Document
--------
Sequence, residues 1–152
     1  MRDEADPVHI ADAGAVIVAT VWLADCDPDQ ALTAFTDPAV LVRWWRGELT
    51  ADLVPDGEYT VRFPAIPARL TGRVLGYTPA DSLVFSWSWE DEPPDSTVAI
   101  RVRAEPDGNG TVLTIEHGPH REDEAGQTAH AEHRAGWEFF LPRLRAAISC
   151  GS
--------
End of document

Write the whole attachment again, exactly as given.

Sequence, residues 1–152
     1  MRDEADPVHI ADAGAVIVAT VWLADCDPDQ ALTAFTDPAV LVRWWRGELT
    51  ADLVPDGEYT VRFPAIPARL TGRVLGYTPA DSLVFSWSWE DEPPDSTVAI
   101  RVRAEPDGNG TVLTIEHGPH REDEAGQTAH AEHRAGWEFF LPRLRAAISC
   151  GS